April 7th, 2014
Squash and Black Bean Enchilada Pie. Mmm. Pie. If that doesn’t get them running to the table, I don’t know what will.
This is my new favorite quick dinner. It’s got all of the flavor of authentic Tex-Mex enchiladas, but only takes half the work. And clean up is easier, too. If that doesn’t get you running into the kitchen, I don’t know what will.
I love enchiladas but, the other day, as I began setting out my stations—tortillas, enchilada sauce, filling, grated cheese—I decided I just couldn’t do it. I just couldn’t bring myself to go through the whole process of dipping the tortilla, wiping off the excess, filling, rolling and going at it again and again, all the while my hands goopy and shredded cheese flying everywhere.
It’s not that it’s a particularly hard process, but it gets messy and requires a lot of prep bowls. I just didn’t want to go there on this particular Wednesday night. So instead of filling and rolling, I stacked and stacked again.
It turns out this is a much easier and more efficient process. And, look. What comes out ain’t too shabby:
Once the filling is made—in this case, black beans and squash, so that, along with some sliced avocado, veggies are taken care of—assembling this enchilada pie is a civilized matter of spooning filling, pouring sauce, and sprinkling cheese on top of a flat tortilla. Since there is no tortilla dipping, I could pour the enchilada sauce right from the blender (or, on another recent night, right from the can ; more on that in a second). That kept one bowl and both of my hands clean, which makes a really big difference. And while rolling is fun, stacking is faster, and faster is better on Wednesday night.
If you make scratch enchilada sauce, which I do sometimes, make it ahead to save time. Or use a packaged sauce. You may be surprised to read that but, believe it or not, there are some decent, all-natural canned enchilada sauces on the market. I’ve been known to use Hatch brand which has really nice flavor compared to other canned enchilada sauces. Also, their gluten-free red enchilada sauce doesn’t have starch fillers, which you want to avoid even if you aren’t gluten-free. Frontera Grill also makes a decent store-bought option.
I like to serve this enchilada pie with sliced avocado and a quick cabbage slaw made with nothing more than shredded cabbage, a drizzle of olive oil, a spoonful of plain Greek yogurt, and enough fresh lime juice to turn the yogurt and oil into a nice dressing consistency. While the enchilada pie is in the oven, I throw all of the slaw ingredients into a bowl and use my hands to massage/dress the cabbage. No reason to make a separate dressing. I throw in cilantro or chopped red bell pepper when I’m feeling fancy.
A delicious Tex-Mex dinner that you can throw together after work or when you finally get home from enjoying the good weather at the playground. Dreamy.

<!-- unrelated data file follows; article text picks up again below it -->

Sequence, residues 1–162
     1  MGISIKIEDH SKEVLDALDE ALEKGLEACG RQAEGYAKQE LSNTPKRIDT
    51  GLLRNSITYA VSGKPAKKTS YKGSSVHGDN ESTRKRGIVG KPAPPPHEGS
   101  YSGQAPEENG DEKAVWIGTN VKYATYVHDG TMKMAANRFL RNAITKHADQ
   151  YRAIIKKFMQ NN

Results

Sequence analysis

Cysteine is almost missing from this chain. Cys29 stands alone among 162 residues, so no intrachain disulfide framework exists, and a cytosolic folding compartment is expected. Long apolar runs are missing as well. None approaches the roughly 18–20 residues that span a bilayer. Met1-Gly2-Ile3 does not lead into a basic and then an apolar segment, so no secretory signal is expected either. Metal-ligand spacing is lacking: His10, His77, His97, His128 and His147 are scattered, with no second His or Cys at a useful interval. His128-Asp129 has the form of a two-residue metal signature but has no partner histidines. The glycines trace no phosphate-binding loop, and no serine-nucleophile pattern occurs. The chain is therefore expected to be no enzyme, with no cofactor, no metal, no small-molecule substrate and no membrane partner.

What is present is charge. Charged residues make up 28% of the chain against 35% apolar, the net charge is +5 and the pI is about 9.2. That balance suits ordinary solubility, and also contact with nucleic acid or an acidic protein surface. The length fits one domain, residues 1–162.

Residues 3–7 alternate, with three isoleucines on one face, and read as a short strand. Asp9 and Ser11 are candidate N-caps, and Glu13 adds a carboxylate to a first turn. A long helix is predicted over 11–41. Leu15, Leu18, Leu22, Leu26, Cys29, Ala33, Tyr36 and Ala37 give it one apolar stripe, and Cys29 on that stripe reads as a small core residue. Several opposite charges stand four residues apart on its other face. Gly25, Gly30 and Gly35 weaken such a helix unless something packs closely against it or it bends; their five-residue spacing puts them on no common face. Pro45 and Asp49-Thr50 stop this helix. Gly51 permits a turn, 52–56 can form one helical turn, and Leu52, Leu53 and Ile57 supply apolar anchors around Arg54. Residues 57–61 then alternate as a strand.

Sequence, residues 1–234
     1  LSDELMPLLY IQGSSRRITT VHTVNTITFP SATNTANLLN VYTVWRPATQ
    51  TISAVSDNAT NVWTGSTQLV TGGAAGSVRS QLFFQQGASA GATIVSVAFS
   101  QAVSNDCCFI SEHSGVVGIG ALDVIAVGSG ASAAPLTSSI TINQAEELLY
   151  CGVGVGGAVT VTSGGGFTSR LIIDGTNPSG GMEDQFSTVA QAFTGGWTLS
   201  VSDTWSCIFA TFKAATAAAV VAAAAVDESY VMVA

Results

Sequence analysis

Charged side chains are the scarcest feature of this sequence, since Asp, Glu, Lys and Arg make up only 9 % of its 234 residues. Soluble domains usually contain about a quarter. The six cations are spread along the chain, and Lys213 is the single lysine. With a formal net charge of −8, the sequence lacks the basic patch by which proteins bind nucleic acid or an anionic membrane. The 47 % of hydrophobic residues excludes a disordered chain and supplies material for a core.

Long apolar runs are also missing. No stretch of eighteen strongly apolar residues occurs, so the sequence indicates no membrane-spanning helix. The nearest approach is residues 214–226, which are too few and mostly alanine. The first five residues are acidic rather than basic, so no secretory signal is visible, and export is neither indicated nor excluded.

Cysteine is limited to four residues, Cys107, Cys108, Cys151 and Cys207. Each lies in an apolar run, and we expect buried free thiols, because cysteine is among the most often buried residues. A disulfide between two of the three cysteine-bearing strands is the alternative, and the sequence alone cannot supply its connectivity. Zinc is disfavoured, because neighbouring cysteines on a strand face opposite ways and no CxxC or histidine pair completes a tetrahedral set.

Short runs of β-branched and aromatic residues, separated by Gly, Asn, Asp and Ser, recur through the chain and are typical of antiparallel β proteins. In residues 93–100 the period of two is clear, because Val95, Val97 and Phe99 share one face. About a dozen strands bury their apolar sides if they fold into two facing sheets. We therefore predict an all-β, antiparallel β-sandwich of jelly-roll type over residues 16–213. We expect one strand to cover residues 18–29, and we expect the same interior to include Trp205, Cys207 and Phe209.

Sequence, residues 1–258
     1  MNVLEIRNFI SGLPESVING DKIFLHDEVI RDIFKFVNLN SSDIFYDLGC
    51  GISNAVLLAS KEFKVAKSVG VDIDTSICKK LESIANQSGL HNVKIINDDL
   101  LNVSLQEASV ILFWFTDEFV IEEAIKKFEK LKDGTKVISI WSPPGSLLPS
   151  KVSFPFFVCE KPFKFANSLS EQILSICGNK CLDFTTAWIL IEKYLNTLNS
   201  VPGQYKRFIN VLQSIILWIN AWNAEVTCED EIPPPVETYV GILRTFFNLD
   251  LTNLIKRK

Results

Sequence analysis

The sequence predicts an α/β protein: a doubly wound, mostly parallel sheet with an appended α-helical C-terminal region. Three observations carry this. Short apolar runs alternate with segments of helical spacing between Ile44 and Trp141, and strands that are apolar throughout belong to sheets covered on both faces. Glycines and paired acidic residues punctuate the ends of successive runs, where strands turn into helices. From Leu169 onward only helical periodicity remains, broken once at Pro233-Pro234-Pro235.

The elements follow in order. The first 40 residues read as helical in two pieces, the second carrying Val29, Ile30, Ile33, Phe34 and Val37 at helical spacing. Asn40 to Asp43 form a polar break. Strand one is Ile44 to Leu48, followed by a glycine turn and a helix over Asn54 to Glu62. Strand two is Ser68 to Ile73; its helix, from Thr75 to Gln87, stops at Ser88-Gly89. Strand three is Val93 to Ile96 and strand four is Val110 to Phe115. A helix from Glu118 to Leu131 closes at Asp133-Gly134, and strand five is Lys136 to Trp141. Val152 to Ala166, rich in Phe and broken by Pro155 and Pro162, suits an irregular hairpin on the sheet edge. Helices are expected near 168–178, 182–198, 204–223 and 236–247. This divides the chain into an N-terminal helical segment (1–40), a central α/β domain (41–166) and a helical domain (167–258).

Squash and Black Bean Enchilada Pie
(Can be adapted to share with kids 6+ mos)*
2 tablespoons neutral oil, such as canola or grapeseed
4 cloves garlic, minced
1 onion, chopped
2 cups chopped butternut squash (cut into approximately 1″ pieces)
1 tablespoon ground cumin
1 tablespoon dried oregano
1-2 teaspoon chile powder of choice, depending on heat preference
1/2 teaspoon salt, plus more to taste
3/4 cup beer, broth or water
2 cans black beans, drained & rinsed
8 soft corn tortillas
2 cups or one 14- to 16-ounce can enchilada sauce
2 cups grated cheddar and/or monterey jack cheese
Sliced avocado, for garnish (optional)
Cilantro, washed and chopped, for garnish (optional)
Chopped scallions, for garnish (optional)
Sour cream or plain Greek yogurt, for garnish (optional)
Lime wedges for garnish (optional)
1. Preheat oven to 350 degrees. Add oil to a medium sized high-sided pan set over medium heat. Once hot, add garlic and onion. Cook until soft and fragrant, about 3 minutes. Turn heat to high; add squash, cumin, oregano, chile powder and salt; toss to coat and add 3/4 cup liquid of choice. Cook until liquid reduced about about half, 4-6 minutes. Reduce heat to medium, cover, and cook until squash is just soft all the way through, about 6-8 minutes.
2. Add beans and toss to coat. Leave the pan uncovered and cook for 1-2 minutes allowing flavors to come together, then remove from heat.
3. Spoon sauce into a baking pan that will fit two stacks of tortillas side by side; coat the bottom of the pan. Place two tortillas in the pan, over the sauce, side by side. Spoon some squash and bean filling onto each tortilla and then sprinkle grated cheese on top of the filling. Spoon more enchilada sauce over the cheese and place another tortilla on top, pressing down to stabilize the pie. Repeat the process two more times, topping the last tortilla on the stack (the 4th one) with only enchilada sauce and cheese.
4. Bake the enchilada pies for about 30 minutes, until the cheese is melted. Serve with toppings of choice.
Note: To share this with very beginner eaters, puree some of the beans and squash mixture before you add it to the enchilada pie. You can do this with or without enchilada sauce, depending on the heat level and your child’s taste. Children eating finger foods can share the enchilada pie as prepared, so long as you cut it into age appropriate bites. I prefer to share my meal as prepared with picky eaters—even if that means they won’t eat it—but it’s worth noting that you can easily adapt this for kids who will not accept enchilada sauce. Either make a separate stack without sauce or stuff the bean and squash filling in a plain, warmed tortilla like a taco.